The only trending issue matching the post-Superbowl 50 “We still support Cam Newton” social media storm is the debate surrounding Beyonce’s big “Formation Show” nod to the 50th anniversary of the founding of the original Black Panther Party for Self-Defense.
There is a mood in Brownsville that something untoward happened in Osborn Park two weeks ago.
Brooklyn District Attorney Ken Thompson releases two men who had spent over 30 years in prison for crimes they did not commit.
While mainstream media largely overlooked the story of former cop Daniel Holtzclaw facing a 236-year sentence for the sexual assaults of 13 Black women, Black social media took citizen journalism to new heights.
Warrants can hang over the heads of people like the Sword of Damocles, but the Begin Again program could change that.
Let me tell you, the Busta Rhymes show at the Prudential was phenomenal!
“We will make it a real ‘Black Friday,’” warned Minister Louis Farrakhan, “because there won’t be a Black person in sight.”
We know our community,” said A.T. Mitchell, founder and CEO of the anti-violence, street-based organization Man Up! Inc. “We love our community. Let us protect our own community and stop the violence.”
A slit wrist. Gun powder mixed with cocaine rubbed into the wound. An abducted 5-year-old boy blindfolded, given an AK-47 and told to shoot his 12-year-old best friend.
One Million Gather in DC for 20th Anniversary of the Million Man March
Unity to combat police violence. Unity to defeat white supremacy. Unity to face inner-city crime. Unity to build a productive and formidable Black community.
Believers, non-believers, the inspired, the hopeful, the jaded, the skeptics and the eternally optimistic—this Saturday, many of these folks will be heading to Washington, D.C.
Amsterdam News editor Nayaba Arinde reflect on 9/11
Pink boas and T-shirts will be the dress code for Sunday, Sept. 13, as breast cancer survivor and “Today” anchor Hoda Kotb serves as grand marshal for the 25th anniversary Susan G. Komen Greater NYC Race for the Cure at 9 a.m. in Central Park.
Quoting Dr. Martin Luther King, Nation of Islam leader Minister Louis Farrakhan demanded that a disaffected Black populace “must redistribute the pain” in the face of systematic and institutionalized racial injustice.
“The gunshots are like lullabies over here,” said a resident of the Walt Whitman Houses in Fort Greene, Brooklyn, to NY1, in the wake of the shooting death of Domingo Martin, 46, Saturday night.
Roy Wilkins Park in Queens was taken over by a proper celebration of Jamaican cuisine, culture and music Sunday, July 19, with the annual Grace Jamaican Jerk Festival.
“I’m feeling a little overwhelmed, kind of emotional, trying to fight back my tears,” Esaw Garner told the Amsterdam News, “but all the support from the people empowers me to keep getting the word out that we want justice for my husband, Eric Garner.”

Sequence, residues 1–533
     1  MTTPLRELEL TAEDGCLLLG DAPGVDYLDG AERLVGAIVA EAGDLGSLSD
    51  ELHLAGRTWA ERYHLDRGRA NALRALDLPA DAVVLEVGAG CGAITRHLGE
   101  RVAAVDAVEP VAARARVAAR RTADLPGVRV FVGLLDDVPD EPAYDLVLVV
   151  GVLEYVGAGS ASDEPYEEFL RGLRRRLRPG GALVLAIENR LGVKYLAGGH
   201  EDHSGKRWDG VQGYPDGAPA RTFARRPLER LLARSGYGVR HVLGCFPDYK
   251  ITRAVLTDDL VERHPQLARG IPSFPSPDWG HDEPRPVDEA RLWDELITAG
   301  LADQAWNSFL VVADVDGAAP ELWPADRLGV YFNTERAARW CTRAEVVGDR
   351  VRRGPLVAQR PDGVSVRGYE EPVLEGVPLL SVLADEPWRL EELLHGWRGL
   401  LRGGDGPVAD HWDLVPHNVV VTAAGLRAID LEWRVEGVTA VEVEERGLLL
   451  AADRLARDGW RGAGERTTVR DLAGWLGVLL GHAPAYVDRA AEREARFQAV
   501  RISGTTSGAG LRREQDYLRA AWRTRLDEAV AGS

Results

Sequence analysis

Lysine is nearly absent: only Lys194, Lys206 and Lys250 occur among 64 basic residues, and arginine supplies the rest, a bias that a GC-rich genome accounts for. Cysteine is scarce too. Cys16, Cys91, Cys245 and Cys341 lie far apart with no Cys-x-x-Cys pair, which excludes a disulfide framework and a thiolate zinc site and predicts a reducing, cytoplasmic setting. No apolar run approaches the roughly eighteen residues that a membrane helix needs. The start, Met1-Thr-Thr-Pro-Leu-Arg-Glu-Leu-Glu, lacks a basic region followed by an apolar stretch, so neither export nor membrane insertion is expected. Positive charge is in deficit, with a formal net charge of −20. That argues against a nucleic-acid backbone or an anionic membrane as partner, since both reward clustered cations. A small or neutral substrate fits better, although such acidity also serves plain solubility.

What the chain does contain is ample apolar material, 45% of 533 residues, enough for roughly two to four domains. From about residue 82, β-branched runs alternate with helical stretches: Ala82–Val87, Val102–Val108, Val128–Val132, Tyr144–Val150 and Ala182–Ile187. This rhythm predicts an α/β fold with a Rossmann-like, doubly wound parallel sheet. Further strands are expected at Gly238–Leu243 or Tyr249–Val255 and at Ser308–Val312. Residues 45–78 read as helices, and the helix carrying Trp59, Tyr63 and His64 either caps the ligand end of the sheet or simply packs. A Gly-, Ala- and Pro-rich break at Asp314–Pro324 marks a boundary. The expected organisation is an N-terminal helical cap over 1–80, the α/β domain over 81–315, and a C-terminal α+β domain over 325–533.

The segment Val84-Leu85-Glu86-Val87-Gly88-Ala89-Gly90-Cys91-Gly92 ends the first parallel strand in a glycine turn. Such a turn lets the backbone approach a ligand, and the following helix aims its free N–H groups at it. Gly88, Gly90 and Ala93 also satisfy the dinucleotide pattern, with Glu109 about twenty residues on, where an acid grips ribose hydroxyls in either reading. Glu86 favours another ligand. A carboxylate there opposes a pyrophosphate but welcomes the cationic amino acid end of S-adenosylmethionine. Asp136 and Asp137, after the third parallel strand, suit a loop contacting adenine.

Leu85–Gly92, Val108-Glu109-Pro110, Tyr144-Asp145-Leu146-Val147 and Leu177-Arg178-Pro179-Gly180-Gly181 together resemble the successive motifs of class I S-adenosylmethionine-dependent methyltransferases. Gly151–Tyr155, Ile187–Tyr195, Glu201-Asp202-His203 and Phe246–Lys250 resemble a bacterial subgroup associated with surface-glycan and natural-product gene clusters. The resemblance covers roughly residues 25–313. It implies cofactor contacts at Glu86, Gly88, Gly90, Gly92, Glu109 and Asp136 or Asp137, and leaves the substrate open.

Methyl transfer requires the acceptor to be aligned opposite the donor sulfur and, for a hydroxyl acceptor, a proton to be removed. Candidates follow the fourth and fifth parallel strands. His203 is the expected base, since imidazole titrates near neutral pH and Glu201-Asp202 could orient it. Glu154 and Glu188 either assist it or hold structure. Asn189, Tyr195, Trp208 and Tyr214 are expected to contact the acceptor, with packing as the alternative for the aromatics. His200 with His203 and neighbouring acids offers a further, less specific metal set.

It is one year later. Eric Garner, locked in a chokehold by officer Daniel Pantaleo, died on video.
The annual Bini people’s cookout took over a large corner of Heckscher State Park in East Islip, Long Island, Saturday, July 4. A DJ got the tristate Nigerian folk into the right cultural mood, as the young, the not so young and the elders showed off their intricate moves, and some competed for cash prizes. Graduates of 2015, from grade school to masters to doctorates, were honored and gifted with not one, but two huge cakes
So there we were at Radio City Music Hall Friday night at the “Masters of Ceremony” show. Rakim, Brand Nubian and Shabba were part of that boss lineup.
If you ask Rachel Dolezal what race she is, she will say she’s Black, even though her birth certificate and her parents, who are white, say she is Caucasian.
A couple hundred “people who influence people” gathered to listen to Minister Louis Farrakhan in a closed-door meeting Friday, June 5, at the Adam Clayton Powell State Office Building.
he celebration of what would have been the 90th birthday of slain international activist Malcolm X began with hundreds making the pilgrimage to the Ardsley gravesite, where the man also known as El-Haj Malik El-Shabazz is interred with his wife, Dr. Betty Shabazz.
Somebody, somewhere close is talking about whether first lady Michelle Obama will ever run for office. Even as Hillary Clinton is primed for the run, eyes and opinions are looking further into the future.
Overflowing tears and deeply felt emotions, wrapped in a red, black and green banner, will be on full display Saturday, May 16, when the Malcolm X Commemoration Committee will host a “special people’s memorial appreciating the life, legacy, sacrifice and commitment of the late Herman Ferguson, our legendary founding chair.”
Sunday, April 26, people gathered on the corner of 120th Street and Adam Clayton Powell Boulevard in Harlem to commemorate the sixth anniversary of the stray-bullet slaying of 13-year-old Chris Shakim Owens in 2009.